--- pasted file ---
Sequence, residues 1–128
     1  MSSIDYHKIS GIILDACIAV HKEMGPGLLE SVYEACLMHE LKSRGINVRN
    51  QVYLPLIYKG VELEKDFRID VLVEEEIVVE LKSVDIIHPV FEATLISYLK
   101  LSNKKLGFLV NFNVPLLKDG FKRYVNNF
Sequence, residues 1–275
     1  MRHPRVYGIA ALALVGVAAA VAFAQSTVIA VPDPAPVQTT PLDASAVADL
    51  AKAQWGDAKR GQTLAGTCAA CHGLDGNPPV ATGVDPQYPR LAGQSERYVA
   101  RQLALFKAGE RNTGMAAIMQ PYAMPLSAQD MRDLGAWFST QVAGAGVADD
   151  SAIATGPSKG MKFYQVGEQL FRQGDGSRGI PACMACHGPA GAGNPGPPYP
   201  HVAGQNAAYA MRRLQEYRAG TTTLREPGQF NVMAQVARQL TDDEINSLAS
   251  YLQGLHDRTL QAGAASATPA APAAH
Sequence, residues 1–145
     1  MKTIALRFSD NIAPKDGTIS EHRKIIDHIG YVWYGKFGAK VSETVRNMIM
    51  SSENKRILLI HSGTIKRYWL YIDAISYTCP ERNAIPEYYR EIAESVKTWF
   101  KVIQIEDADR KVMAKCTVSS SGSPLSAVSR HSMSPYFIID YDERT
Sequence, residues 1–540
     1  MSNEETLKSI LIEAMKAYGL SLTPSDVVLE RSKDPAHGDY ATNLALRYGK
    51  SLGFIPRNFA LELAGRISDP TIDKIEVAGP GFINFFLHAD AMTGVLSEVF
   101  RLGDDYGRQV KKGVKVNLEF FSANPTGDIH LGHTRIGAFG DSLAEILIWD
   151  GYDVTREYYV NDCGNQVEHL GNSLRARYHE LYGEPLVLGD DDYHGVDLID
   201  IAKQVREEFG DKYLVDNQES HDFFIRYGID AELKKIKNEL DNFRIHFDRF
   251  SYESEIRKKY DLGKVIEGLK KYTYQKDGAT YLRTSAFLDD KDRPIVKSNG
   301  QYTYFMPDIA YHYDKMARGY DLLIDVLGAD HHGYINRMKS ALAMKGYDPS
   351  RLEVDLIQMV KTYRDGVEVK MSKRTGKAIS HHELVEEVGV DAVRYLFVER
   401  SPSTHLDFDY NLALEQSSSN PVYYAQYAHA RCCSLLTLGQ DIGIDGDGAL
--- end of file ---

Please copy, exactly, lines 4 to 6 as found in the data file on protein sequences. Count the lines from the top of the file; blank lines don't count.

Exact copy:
   101  LSNKKLGFLV NFNVPLLKDG FKRYVNNF
Sequence, residues 1–275
     1  MRHPRVYGIA ALALVGVAAA VAFAQSTVIA VPDPAPVQTT PLDASAVADL